Politics of Poverty

Salvadorans rally at the World Bank to celebrate independence

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Protesters stand outside the World Bank in Washington, D.C. on September 15, 2014. Photo: Alex Blair/Oxfam America

Asking “Should the rights of a sovereign nation and human rights of its people be sacrificed in favor of mining company OceanaGold’s narrow self-interests?”

Sofia Vergara is the Senior Advocacy Advisor for Oxfam America’s Extractives Industries team

Salvadoran communities living in the DC area celebrated the 193rd anniversary of independence of El Salvador in front of the World Bank on Monday. Why did they decide to forego their Monday obligations and gather in downtown DC?

Because behind closed doors, inside the World Bank’s International Centre for the Settlement of Investment Disputes, a three-member Tribunal is currently deciding whether the Salvadoran government should pay more than $300 million dollars to a multinational mining company called OceanaGold (formerly Pacific Rim).

This company is trying to operate a gold mine in the northern region of Cabañas, despite the fact that both the Salvadoran people and the government have said “NO” to mining there. Salvadorans do not see mining as a key to solving the country’s poverty and inequality issues, and there are grave environmental concerns about the mine.

Photo: Guadalupe Ortega
Photo: Guadalupe Ortega

But the rally on Monday was not filled with worry and fear. I was there and witnessed that Salvadorans messages to the World Bank were delivered through celebratory dances and protest music and songs. This rap directly from Cabañas in Spanish and English accompanied their clear message:

“Respect El Salvador. It is not for sale.”

“Yes to life, no to mining.”

“El agua vale mas que el oro.” [Water is worth more than gold.]

“301 million should be used to end poverty, not to pay a mining company.” (photo).

The Salvadorans standing up to the mining company were not alone. Casa de Maryland and Casa de Virgina, San Camilo [Saint Camillus] Parish, Oxfam and a multitude of human rights and environmental NGOs were there to support the right of Salvadorans to a real independence from corporate and private powers that are causing strife in their country.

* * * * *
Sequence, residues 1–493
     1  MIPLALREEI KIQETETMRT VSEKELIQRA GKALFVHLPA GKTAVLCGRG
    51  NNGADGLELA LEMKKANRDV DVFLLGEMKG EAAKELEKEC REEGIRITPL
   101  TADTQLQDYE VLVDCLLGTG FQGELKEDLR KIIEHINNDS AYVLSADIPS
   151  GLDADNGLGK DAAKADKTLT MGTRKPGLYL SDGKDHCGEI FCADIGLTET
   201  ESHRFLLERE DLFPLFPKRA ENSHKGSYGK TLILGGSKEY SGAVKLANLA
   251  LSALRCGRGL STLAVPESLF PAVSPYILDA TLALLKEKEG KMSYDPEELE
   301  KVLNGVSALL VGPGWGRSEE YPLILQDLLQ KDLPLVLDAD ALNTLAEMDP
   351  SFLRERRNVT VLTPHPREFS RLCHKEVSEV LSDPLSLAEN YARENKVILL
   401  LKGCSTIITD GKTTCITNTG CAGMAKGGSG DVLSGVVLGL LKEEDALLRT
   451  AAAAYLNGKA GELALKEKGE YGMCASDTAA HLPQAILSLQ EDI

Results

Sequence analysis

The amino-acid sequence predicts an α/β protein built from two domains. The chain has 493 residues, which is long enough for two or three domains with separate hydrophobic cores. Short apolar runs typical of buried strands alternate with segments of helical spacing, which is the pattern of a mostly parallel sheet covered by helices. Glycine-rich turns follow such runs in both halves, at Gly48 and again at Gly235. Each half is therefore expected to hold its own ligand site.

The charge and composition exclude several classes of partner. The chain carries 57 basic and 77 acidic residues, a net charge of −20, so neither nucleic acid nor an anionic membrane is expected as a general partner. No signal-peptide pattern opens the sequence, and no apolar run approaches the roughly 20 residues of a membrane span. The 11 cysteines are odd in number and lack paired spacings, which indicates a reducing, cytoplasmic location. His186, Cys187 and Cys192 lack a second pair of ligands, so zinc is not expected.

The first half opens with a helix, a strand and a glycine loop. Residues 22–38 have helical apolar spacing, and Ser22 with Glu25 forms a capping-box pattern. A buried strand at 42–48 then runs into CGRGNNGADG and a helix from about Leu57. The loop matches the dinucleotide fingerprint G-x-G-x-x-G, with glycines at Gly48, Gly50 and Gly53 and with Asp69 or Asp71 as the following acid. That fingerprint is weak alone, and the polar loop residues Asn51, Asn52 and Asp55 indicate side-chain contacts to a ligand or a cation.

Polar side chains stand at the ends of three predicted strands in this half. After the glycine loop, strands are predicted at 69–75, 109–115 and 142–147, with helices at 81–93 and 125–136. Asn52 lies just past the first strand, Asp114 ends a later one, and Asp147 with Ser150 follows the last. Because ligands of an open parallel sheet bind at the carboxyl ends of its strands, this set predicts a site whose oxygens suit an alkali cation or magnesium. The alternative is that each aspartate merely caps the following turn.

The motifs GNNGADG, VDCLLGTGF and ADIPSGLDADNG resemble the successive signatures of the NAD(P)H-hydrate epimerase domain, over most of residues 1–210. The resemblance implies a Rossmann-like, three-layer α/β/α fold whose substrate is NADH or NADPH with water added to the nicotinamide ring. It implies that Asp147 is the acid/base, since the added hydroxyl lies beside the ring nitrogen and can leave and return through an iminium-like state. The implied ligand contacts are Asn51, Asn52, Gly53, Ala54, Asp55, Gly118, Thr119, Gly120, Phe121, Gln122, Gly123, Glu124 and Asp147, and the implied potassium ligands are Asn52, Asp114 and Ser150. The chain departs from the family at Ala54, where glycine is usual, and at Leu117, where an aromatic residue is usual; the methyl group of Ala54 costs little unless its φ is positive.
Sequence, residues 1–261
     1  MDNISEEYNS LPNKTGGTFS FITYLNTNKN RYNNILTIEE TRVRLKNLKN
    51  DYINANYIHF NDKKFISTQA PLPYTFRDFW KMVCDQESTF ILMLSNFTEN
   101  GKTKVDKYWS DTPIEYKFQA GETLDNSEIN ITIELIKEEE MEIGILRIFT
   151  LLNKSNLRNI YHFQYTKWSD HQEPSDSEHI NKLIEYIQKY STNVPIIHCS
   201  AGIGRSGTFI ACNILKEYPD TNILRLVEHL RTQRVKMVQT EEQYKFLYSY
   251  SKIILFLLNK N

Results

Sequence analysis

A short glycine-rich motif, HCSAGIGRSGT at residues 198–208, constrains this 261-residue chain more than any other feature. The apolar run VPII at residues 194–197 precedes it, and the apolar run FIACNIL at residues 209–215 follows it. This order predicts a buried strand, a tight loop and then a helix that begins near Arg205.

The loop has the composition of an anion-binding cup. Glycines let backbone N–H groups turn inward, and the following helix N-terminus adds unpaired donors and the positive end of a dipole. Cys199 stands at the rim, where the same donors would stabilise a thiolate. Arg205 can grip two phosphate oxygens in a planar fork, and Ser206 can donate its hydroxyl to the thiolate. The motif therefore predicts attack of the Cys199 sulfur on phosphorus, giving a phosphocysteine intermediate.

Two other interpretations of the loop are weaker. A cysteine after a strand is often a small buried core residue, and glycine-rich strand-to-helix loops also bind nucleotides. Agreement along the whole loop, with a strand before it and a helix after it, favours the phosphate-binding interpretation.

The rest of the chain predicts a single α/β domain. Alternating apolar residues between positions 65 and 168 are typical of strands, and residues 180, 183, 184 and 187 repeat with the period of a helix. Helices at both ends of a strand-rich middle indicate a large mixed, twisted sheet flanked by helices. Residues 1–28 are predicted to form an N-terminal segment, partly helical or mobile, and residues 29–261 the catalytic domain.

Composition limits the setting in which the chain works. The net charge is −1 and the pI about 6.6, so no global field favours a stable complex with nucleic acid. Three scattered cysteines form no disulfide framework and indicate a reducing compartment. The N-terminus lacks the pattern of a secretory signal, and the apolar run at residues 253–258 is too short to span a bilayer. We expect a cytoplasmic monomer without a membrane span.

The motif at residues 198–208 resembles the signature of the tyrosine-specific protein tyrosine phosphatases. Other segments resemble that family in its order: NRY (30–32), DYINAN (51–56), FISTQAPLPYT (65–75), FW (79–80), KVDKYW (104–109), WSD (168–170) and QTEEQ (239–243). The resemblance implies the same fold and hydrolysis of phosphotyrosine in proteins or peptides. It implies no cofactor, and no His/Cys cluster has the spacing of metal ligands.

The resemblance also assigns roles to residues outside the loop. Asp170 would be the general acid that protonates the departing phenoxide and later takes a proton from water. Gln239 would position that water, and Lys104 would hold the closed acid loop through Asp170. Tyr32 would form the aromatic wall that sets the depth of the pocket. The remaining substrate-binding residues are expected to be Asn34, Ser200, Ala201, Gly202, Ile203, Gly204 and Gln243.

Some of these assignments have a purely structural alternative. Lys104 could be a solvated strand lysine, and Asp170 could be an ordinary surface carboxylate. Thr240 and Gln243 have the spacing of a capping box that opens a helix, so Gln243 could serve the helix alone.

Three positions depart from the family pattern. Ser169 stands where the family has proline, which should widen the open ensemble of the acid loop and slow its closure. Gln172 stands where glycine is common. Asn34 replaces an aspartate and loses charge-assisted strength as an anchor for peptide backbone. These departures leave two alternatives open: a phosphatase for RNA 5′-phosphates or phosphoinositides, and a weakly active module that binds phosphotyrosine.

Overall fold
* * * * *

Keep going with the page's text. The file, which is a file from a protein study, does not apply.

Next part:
OceanaGold’s suit against El Salvador in the World Bank throws the supposed “good faith” of their corporate social responsibility policies into question. Besides the outcome of this legal – and non-transparent – battle (the outcome of which is to be made public in the spring of 2015), there are more important questions to continue asking OceanaGold/Pacific Rim: Are you listening to the Salvadorans? Do you really want to impose your business on top of a sovereign decision? Have you assessed the risks, both for your business and the economy, and more importantly, for the people in El Salvador? How do you reconcile this behavior with your commitment to “Free, Prior and Informed Consent”?

And now another question for the World Bank: Will its tribunal respect human rights over the interests of privately-held, multimillion dollar companies?

We gathered on Monday in front of the World Bank to ask again these questions and make sure that OceanaGold lawyers and CEOS hear our voices! One of the powerful and inspiring messages came from Fray Fr. Jacek Orzechowski of St. Camillus:

“We come here today, on the Independence Day of El Salvador to stand in solidarity with the people of that country. We’re here to help protect their water from being poisoned by thousands of tons of lethal cyanide that is used to extract gold.”

Photo: Guadalupe Ortega
Photo: Guadalupe Ortega.

He told the crowd gathered that Pope Francis has decried “an impersonal economy that lacks a truly human purpose [and which] tends to devour everything that stands in the way of increased profits, whatever is fragile, like the environment.” It is a contemporary version of the worship of the ancient golden calf, he said.

While all this was happening in DC (as well as locations in Australia and Canada, where the company is headquarted), more than 2,000 people filled out the plaza of the town of San Isidro who gathered to celebrate their water, their land and the right to say no to mining. The festival hosted by grassroots organizations from Cabañas, including El Movimiento Unificado Francisco Sanchez-1932 (MUFRAS 32) and la Asociación de Desarrollo Económico Social, Santa Marta (ADES) was called [translated] the “Festival for the Sovereignty and Self-determination of the People. Pacific Rim/OceanaGold, get out of El Salvador.”

Once more, people voiced their concerns with happiness and joy, between music, theater, and paintings from the children. Representatives from national organizations, the church, and the Human Rights Ombudsman Office were there too. The message was also clear to the company representatives based in Cabañas. Earlier in the morning, in San Salvador, President Sanchez Ceren initiated the festivities in San Isidro with a speech he delivered:

The country should be for all Salvadorans a place where human rights are guaranteed under the principles of equality and justice. The country should be a place where the primary purpose of the state is the happiness of the people.”

It is clear that Salvadorans know how to show this happiness, while they stand up for what they believe, as reiterated by this question from Fray Jacek:

“No amount of gold, or political influence, or legal posturing can change the moral equation.”

Photo: Guadalupe Ortega

You can keep supporting Salvadorans by joining 167,000 voices asking OceanaGold/Pacific Rim to drop the lawsuit against El Salvador by signing this petition.

Read more on the OceanaGold/Pacific Rim case here.

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